The Union des Consommateurs says smart meters make it easier for the utility to disconnect clients because it’s done remotely from Hydro’s headquarters with a simple click.
This year, from Jan. 1 to Sept. 30, Hydro-Québec cut power to 51,015 homes and businesses.
In all of 2013, about 37,000 clients were cut off.
Consumer rights advocate Marc-Olivier Moisan-Plante says he's not surprised by the surge in the number of Hydro-Québec clients who've had their power cut.
“The hike in tariffs, the poor economic conditions, … the very cold winter and, of course, the smart meters,” said Moisan-Plante, an energy analyst at the Union des Consommateurs.
Moisan-Plante says with the new smart meters, Hydro-Québec employees no longer have to physically go to the address where they're cutting power, and that can lead to dangerous situations.
“Some person may live with medical equipment necessary to live. So we think it's [imprudent] to remotely disconnect electricity.”
Moisan-Plante said Hydro-Québec charges high fees to reconnect cut-off customers, and that's another pressing concern.
The Union des Consommateurs will file a complaint at Quebec's Energy Board next month asking Hydro-Québec to cancel those charges.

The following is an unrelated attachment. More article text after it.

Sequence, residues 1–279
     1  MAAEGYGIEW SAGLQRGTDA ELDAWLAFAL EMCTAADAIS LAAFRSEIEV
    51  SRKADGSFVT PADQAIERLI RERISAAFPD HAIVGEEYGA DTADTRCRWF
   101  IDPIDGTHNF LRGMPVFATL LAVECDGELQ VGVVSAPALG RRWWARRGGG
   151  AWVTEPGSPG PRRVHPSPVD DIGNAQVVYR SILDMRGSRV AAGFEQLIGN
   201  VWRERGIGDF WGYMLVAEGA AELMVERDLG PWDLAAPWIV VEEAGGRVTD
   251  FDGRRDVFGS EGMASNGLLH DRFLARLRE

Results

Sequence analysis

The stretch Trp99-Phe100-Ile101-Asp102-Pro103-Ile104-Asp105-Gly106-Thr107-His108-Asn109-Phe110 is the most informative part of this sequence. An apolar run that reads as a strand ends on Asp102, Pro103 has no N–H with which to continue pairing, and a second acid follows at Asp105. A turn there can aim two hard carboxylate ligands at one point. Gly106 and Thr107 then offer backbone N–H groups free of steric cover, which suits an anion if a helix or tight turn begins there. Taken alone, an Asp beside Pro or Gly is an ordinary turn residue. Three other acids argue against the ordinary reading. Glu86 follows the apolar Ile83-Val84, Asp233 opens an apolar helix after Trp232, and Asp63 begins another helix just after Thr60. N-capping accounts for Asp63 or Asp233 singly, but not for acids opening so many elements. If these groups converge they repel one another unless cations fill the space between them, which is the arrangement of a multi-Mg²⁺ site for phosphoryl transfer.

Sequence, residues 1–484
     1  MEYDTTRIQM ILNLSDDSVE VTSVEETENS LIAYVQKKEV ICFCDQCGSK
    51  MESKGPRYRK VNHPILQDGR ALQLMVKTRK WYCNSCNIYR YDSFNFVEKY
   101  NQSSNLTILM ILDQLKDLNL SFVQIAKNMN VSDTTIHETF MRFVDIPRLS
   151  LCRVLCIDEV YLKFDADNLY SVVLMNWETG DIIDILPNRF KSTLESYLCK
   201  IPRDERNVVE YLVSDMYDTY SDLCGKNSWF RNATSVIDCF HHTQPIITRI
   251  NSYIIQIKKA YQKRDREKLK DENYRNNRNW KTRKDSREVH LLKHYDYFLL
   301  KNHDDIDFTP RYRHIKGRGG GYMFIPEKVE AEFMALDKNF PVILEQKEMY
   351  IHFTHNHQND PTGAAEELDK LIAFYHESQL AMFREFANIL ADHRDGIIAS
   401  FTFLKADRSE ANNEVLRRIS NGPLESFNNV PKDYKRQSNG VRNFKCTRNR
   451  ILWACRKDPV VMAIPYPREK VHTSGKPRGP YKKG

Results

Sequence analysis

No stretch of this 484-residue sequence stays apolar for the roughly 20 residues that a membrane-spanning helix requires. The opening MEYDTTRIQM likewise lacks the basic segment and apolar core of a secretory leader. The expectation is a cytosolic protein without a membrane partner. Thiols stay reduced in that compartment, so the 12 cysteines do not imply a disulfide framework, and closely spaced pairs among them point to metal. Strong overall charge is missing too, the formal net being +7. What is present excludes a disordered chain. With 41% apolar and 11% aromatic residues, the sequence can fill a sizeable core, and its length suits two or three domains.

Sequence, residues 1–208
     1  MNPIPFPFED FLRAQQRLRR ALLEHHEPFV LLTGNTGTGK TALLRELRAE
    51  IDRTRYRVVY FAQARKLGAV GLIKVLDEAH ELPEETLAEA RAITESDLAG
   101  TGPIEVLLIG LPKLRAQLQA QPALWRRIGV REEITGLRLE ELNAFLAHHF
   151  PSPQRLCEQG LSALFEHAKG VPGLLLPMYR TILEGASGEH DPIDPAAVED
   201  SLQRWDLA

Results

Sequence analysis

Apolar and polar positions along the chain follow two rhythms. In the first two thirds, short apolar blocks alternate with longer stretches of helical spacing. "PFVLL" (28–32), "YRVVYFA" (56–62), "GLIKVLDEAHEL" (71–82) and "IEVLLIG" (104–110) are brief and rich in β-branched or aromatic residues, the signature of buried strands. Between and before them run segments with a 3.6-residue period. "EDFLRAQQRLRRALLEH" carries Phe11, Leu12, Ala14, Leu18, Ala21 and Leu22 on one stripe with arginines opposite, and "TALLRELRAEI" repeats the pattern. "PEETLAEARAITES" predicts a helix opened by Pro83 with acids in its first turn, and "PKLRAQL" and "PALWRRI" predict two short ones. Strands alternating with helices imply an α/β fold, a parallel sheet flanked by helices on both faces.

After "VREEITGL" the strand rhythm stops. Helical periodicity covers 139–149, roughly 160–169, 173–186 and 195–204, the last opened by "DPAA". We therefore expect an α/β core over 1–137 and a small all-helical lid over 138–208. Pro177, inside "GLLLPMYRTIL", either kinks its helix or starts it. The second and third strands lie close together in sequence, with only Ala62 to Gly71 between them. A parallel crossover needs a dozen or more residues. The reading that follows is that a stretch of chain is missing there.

Smart meters not to blame, Hydro says
Hydro-Québec says the increased number of clients who have been unplugged from the grid has nothing to do with the new smart meter system.
Hydro-Québec spokesman Patrice Lavoie said the number is about the same as in 2012, and most have had their electricity reconnected.
Lavoie said that the colder winter in 2013-14 might have had an impact on clients' electricity consumption, and consequently their bills were higher.
He also said Hydro-Québec’s new rate structure might play a role.
“The rate adjustment we had last April 1 might also be a reason why we have had some service interruptions this year, unfortunately,” said Lavoie. "It's not a pleasure for Hydro-Québec to interrupt our service to our clients."
Lavoie told CBC’s Daybreak that the new smart meters do make it easier to disconnect the power, but he said that is not Hydro-Québec’s first option.
“We still want to make a payment arrangement with people. We made more than 200,000 payment arrangements with our clients last year,” Lavoie said, adding that clients receive three notices by mail and reminders by phone once they are in default.
By law, nobody in the province spends the winter without electricity.
Lavoie said the utility must reconnect electricity to clients who’ve been cut off by Dec. 1, and it will not cut off power for anyone between Dec. 1 and March 31.